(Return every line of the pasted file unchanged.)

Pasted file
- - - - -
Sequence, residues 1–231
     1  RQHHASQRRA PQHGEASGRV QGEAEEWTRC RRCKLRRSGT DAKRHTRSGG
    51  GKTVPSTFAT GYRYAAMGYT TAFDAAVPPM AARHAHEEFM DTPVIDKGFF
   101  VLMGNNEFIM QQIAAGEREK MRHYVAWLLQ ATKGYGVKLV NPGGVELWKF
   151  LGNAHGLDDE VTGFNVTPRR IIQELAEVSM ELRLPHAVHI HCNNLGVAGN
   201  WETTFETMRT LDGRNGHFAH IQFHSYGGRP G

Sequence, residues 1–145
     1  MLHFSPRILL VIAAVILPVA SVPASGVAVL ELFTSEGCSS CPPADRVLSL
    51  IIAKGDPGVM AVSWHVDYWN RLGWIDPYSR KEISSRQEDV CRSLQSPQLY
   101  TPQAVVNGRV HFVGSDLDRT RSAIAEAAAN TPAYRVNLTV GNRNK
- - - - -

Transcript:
Sequence, residues 1–231
     1  RQHHASQRRA PQHGEASGRV QGEAEEWTRC RRCKLRRSGT DAKRHTRSGG
    51  GKTVPSTFAT GYRYAAMGYT TAFDAAVPPM AARHAHEEFM DTPVIDKGFF
   101  VLMGNNEFIM QQIAAGEREK MRHYVAWLLQ ATKGYGVKLV NPGGVELWKF
   151  LGNAHGLDDE VTGFNVTPRR IIQELAEVSM ELRLPHAVHI HCNNLGVAGN
   201  WETTFETMRT LDGRNGHFAH IQFHSYGGRP G

Sequence, residues 1–145
     1  MLHFSPRILL VIAAVILPVA SVPASGVAVL ELFTSEGCSS CPPADRVLSL
    51  IIAKGDPGVM AVSWHVDYWN RLGWIDPYSR KEISSRQEDV CRSLQSPQLY
   101  TPQAVVNGRV HFVGSDLDRT RSAIAEAAAN TPAYRVNLTV GNRNK